While the pandemic made such opportunities a challenge to continue, the center’s work with the food bank didn’t end there. Over three weeks in fall 2020, students prepared 2,000 face mask packages to donate to the food bank’s partner organizations.
This semester, the center helped facilitate a pop-up opportunity for students to put the finishing touches on new wooden “pods” at the Lakeside Men’s Shelter.
Want to volunteer with CCEL? Check out the opportunities.
Staff members at Sears think[box] teamed up with a local architect to create “shelter pods” for the Lutheran Metropolitan Ministry, which provides shelter for those experiencing homelessness in Northeast Ohio.
Architect Sai Sinbondit designed small modular shelters that would allow for more private and secure spaces that could also reduce COVID-19 spread. Sears think[box] joined the effort to offer design and manufacturing direction, in addition to the technology to complete the project.
“I think that cultivating community engagement speaks directly to the mission here at think[box],” said Misha Villanueva, the fabrication floor manager who worked with Sinbondit. “As part of that engagement I’m excited to let people know about the resources that are available to them as a community.”
Part of the Newman Catholic Campus Ministry, Labre is a student-run homeless outreach ministry whose members prepare and deliver food to those experiencing homelessness in Cleveland. Each Monday, two members of the group of about 10 make and package the meals—using donations from organizations at Holy Rosary Church—and about six students gather into a CCEL van to drive around the city, meeting those in need where they are.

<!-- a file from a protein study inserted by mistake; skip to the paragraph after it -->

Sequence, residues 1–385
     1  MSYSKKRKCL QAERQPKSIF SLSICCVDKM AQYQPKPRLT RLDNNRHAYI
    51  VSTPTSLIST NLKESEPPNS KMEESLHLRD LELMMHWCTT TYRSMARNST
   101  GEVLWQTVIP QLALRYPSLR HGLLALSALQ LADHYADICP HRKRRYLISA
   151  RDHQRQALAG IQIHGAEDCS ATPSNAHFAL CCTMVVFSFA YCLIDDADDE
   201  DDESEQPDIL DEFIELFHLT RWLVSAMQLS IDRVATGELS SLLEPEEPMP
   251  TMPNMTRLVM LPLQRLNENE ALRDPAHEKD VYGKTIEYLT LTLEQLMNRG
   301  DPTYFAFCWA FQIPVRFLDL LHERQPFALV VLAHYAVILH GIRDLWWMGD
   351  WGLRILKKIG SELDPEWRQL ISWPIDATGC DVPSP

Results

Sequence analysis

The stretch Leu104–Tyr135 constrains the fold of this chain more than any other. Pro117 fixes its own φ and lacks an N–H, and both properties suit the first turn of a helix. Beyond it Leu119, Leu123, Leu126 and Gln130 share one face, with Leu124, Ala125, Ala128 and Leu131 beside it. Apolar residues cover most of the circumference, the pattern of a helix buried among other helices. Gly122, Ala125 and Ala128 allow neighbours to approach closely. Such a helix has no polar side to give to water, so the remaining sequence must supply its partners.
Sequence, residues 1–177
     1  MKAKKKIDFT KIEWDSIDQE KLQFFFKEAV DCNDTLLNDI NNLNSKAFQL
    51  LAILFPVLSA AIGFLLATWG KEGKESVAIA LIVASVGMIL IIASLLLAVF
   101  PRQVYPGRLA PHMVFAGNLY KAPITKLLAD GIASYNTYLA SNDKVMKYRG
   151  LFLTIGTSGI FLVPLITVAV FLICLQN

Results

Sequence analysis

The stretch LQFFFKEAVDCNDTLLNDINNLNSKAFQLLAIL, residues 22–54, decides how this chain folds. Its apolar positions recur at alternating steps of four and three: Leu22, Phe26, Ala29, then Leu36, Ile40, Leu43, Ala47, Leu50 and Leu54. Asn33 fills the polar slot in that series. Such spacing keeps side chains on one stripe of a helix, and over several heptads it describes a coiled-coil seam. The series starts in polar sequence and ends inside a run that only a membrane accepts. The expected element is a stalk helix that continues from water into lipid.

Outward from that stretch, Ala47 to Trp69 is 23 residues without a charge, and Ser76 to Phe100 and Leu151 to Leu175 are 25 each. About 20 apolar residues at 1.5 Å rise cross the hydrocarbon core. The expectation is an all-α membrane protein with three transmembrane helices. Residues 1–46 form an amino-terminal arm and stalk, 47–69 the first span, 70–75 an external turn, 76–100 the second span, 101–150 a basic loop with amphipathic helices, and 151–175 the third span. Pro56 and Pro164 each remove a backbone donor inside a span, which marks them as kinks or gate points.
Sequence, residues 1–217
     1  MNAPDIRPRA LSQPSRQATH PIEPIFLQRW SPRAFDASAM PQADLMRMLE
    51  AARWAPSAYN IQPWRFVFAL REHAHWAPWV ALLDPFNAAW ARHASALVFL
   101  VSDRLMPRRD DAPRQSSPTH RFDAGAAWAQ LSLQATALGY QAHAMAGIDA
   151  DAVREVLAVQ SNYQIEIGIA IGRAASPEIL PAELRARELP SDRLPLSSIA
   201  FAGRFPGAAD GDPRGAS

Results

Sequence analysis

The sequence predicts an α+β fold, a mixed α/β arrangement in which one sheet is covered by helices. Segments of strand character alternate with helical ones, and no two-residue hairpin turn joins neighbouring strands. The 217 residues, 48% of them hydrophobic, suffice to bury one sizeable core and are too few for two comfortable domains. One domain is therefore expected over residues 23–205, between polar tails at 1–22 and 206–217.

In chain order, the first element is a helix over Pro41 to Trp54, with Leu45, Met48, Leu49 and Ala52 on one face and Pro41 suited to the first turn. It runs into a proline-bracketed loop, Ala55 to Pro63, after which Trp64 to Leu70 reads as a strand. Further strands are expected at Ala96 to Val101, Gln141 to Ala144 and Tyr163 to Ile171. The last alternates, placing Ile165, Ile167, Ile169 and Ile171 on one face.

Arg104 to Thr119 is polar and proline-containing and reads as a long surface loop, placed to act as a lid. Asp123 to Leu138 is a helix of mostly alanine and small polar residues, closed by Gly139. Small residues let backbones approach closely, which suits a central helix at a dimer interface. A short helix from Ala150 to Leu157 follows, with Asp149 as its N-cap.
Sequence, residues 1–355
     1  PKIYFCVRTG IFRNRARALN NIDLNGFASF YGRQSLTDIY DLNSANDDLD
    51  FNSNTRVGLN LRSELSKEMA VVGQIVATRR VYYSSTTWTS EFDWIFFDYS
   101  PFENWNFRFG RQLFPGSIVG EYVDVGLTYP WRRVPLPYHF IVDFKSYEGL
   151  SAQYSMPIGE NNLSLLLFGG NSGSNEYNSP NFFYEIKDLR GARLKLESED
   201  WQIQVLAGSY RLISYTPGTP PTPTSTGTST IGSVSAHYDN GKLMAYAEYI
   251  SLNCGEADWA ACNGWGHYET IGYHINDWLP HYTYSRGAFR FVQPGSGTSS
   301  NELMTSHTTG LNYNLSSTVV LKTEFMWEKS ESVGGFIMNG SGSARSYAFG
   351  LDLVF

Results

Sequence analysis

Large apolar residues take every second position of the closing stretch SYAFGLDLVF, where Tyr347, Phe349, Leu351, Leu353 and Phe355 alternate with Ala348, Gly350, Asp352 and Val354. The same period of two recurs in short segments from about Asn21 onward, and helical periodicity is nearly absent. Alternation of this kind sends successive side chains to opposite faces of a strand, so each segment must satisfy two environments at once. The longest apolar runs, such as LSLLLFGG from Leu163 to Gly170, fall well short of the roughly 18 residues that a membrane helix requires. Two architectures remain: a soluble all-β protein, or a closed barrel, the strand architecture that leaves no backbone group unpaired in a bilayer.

But the experience is more than just an opportunity to combat hunger—it is designed to build relationships with the individuals the students meet on their weekly runs.
“The meals we serve provide a bridge to a friendship with our brothers and sisters on the streets. We hope to grow these relationships through conversation when we stop to provide a meal to people,” shared co-presidents Jonathan Ockunzzi and Ryan Murray.
Conversations vary but focus on topics including Cleveland sports, the weather and childhood memories. Importantly, the students learn about the experiences of those they serve.
In addition to meals, Labre provides clothes and toiletries. Ockunzzi and Murray recalled one instance in which a visibly cold woman asked if they had a coat they could share. While they did not have one in the woman’s size, a volunteer—who has since gone on to graduate—took the coat off her own back and gave it to the woman so she could have added warmth.
“This was the fullest embodiment of service and self-sacrifice for the good of another,” Ockunzzi and Murray said.
Though the COVID-19 pandemic put a temporary halt to Labre’s work, they have resumed operations with physical distancing, masking, sanitizing and other protocols.
While the group’s work is rooted in faith, they serve and welcome all regardless of religious status.
Interested in joining Labre’s mission? Email email@example.com.
On-campus resources for students
Students experiencing homelessness are not alone. According to the Hope Center’s National #RealCollege survey, up to 46% of college students experience some form of housing insecurity. If you need immediate assistance, contact the United Way 2-1-1 Help Center.
Support for those facing food insecurity is available through a number of resources on campus and in the local community. Review food insecurity resources, including the Physical Resource Center and food pantries at Case Western Reserve.